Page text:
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Till the End of the World
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by Jay Seaver

"Simple but striking survival"
4 stars

"Till the End of the World" feels like the sort of movie that they used to show us in school when they needed to give the teachers a break or there was a hole in the lesson plan - an attention-grabbing story of survival that nevertheless had something like a PG rating and enough science and practical information that we could be said to be learning something useful. It's not bad, as that sort of thing goes, and has the sort of Antarctic photography that's worth seeing on the big screen, even if it is kind of too long and gets heavy by the end.

It's genial enough even as it starts in what seems like overly-familiar territory, with "Fortune" Wu Fu Chun (Mark Chao You-ting) making a bit of an ass of himself as his charter plane flies over Antarctica - he has a plan to stage destination weddings on the continent - with two other passengers, Natasha and Jing Ruyi (Yang ZIshan), who are heading for scientific outposts. There won't be much time for that, though, when the plane flies into a storm and goes down, with Natasha not long for the world and Ruyi's leg broken. Fortunately, Fu Chun is able to find a shed in which they can take shelter, and Ruyi thinks it might be one 20km away from her base. She doesn't know which direction, though, and that's a lot of ground for Fu-chun to cover when they have an estimated 70 days of supplies.

The two-person cast proves to be all the movie needs, in large part because filmmaker Wu You-yin doesn't spend a lot of time making them rub each other the wrong way just to have conflict. Mark Chao tones the immaturity down after the plane goes down, but he's still able to make plenty of comic moments work even while conveying Fu Chun's growing maturity and determination. Yang Zishan similarly sheds the early portrayal of Ruyi as uptight and a bit snobbish, converting it into a believable pessimism that nevertheless has room for changed perspective later on. The love story stops being understated after a while, but it's earned, and even when it seems like it might be a matter of survival instinct as much as true affection, that's legitimate, and it works for them.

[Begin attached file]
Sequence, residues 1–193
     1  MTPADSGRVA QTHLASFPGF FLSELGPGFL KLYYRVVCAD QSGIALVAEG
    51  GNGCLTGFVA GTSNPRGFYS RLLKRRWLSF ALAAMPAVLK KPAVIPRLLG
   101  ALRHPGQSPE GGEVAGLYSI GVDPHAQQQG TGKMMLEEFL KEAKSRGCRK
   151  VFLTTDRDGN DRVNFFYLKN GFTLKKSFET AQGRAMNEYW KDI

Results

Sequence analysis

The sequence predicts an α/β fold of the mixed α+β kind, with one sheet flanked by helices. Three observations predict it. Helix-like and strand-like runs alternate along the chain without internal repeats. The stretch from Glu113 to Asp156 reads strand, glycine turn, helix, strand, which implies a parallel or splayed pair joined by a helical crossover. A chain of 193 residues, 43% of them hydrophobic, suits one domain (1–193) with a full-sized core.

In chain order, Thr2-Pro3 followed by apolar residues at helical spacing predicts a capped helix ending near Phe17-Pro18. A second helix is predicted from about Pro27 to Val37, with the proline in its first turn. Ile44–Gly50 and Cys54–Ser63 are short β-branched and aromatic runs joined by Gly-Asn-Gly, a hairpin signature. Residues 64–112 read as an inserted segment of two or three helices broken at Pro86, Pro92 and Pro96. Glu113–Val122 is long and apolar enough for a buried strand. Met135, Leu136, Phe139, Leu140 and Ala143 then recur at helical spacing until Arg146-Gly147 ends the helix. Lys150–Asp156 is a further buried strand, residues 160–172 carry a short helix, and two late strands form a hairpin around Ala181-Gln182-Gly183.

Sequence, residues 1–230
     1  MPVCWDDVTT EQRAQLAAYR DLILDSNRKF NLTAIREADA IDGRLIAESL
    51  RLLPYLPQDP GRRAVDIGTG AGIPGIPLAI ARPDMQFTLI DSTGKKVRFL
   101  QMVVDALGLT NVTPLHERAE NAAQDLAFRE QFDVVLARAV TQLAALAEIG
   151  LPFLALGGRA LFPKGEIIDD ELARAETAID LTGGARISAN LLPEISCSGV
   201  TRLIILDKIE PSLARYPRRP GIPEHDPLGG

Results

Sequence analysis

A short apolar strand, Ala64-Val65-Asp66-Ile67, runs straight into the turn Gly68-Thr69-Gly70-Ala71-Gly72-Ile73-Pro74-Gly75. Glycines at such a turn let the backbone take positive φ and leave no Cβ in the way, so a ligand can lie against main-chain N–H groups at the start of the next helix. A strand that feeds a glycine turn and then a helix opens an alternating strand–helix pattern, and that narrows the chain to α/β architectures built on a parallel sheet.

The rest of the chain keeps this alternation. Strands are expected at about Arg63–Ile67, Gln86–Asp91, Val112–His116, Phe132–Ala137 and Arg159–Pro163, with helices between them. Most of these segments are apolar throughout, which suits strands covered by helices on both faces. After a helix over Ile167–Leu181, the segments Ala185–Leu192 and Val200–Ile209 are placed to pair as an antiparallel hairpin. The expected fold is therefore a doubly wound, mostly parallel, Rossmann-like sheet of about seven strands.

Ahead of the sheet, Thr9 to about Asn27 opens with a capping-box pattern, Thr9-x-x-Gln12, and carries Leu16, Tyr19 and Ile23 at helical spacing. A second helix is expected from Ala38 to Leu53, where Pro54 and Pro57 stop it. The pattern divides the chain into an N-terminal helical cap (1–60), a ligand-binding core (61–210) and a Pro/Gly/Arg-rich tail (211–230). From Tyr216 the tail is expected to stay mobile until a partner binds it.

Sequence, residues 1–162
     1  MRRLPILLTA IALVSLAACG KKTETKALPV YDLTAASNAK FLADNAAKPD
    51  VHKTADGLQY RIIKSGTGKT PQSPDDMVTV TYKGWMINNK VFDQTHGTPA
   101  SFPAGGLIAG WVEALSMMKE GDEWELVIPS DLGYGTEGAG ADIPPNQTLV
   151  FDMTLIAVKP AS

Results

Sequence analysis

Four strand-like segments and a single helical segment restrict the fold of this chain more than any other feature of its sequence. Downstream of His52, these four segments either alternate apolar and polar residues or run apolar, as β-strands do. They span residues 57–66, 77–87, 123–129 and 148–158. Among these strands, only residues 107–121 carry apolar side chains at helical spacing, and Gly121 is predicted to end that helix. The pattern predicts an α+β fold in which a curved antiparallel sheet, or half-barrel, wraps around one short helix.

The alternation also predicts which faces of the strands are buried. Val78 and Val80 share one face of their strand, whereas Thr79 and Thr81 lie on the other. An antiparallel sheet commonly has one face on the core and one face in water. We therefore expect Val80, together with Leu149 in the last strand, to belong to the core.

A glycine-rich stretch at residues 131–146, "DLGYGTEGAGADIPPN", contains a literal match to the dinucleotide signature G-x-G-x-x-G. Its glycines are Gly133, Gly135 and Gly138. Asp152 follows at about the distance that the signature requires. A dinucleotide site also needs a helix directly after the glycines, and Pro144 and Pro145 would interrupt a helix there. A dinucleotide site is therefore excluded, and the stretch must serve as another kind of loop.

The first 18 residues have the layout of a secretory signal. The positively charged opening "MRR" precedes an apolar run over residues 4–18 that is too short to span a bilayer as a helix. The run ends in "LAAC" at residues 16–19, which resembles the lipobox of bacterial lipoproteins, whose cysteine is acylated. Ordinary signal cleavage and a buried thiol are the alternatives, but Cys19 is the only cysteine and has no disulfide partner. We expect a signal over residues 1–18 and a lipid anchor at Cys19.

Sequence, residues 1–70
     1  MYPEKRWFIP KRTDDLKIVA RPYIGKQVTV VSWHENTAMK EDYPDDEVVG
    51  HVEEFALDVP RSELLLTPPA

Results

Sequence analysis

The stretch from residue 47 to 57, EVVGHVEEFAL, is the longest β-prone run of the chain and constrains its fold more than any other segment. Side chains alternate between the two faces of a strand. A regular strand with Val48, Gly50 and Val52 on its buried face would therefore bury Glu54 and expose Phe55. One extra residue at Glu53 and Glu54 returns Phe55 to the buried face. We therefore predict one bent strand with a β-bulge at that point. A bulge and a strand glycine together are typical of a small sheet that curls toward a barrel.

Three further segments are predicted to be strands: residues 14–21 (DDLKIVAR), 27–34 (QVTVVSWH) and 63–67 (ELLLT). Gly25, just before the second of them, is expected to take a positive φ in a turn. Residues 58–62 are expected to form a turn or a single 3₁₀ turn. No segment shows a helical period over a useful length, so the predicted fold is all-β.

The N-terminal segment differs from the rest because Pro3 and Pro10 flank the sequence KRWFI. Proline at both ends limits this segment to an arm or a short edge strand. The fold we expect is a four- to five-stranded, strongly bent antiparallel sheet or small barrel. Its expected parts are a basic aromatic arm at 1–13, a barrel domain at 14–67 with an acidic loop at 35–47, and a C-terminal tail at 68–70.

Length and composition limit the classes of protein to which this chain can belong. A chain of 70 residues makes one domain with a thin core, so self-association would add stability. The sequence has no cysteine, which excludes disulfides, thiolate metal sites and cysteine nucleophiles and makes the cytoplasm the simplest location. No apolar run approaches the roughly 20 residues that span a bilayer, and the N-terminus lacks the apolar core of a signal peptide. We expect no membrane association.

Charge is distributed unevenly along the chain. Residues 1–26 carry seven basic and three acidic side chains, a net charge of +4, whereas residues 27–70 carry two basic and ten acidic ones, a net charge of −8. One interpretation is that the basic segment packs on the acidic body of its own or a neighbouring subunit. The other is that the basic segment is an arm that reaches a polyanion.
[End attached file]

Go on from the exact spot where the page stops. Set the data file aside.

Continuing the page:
Wu never really goes in for subtlety, which is fine for the bulk of the movie, as Antarctica is an alien environment for both Fu Chun and the audience. It's useful to have Ruyi drop a lot of information early on, and it's seldom dry or a long lecture that both Fu Chun and the audience wait out, but a way to simultaneously reflect how her despair has some justification while his plan is somewhat foolhardy. Plus, it's not as though the new bits of knowledge Ruyi drops or the new situations Fu Chun finds himself in are ever not interesting, though there is an element of fatigue to it eventually, as if Wu had wanted to fit every bit of his research into his original novel and then knew he and the other filmmakers likely weren't going to have many chances to shoot something like this again. It's enough for the film to eventually start feeling like he's extending it so that he can check everything off a list, eventually piling on in a way that seems more capricious and downright mean than nature itself.

Despite the danger he faces, Wu Fuchun is never so heads down with the need to get to the next minute that he can't see the stark, pristine beauty of the ice field where he and Fuyi are stranded; the filmmakers capture glorious widescreen vistas and have fun playing with the local wildlife, and it demands better-than-DVD presentation. It almost makes the effects work having the occasional issue or certain scenes having the look of being shot on a Shanghai soundstage rather than on location okay - it means the filmmakers aren't trying to fake natural beauty, but just using CGI to move the story forward when need be. It doesn't hurt at all to have a Joe Hisaishi score, either, by turns playful, dramatic, and mournful, adding a playful twist to some scenes and enhancing the emotion of others without underlining it in melodramatic fashion.

I'd probably cut a bit out of this before showing it in a school setting, as it turns out; it gets a bit darker and goes on long enough that kids might get fidgety. It is still a heck of a big-screen movie presentation, getting drama out of a simple story and making it look great on screen.

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originally posted: 02/05/18 09:52:43
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Directed by
  Youyin Wu

Written by
  Youyin Wu

  Mark Chao
  Zishan Yang

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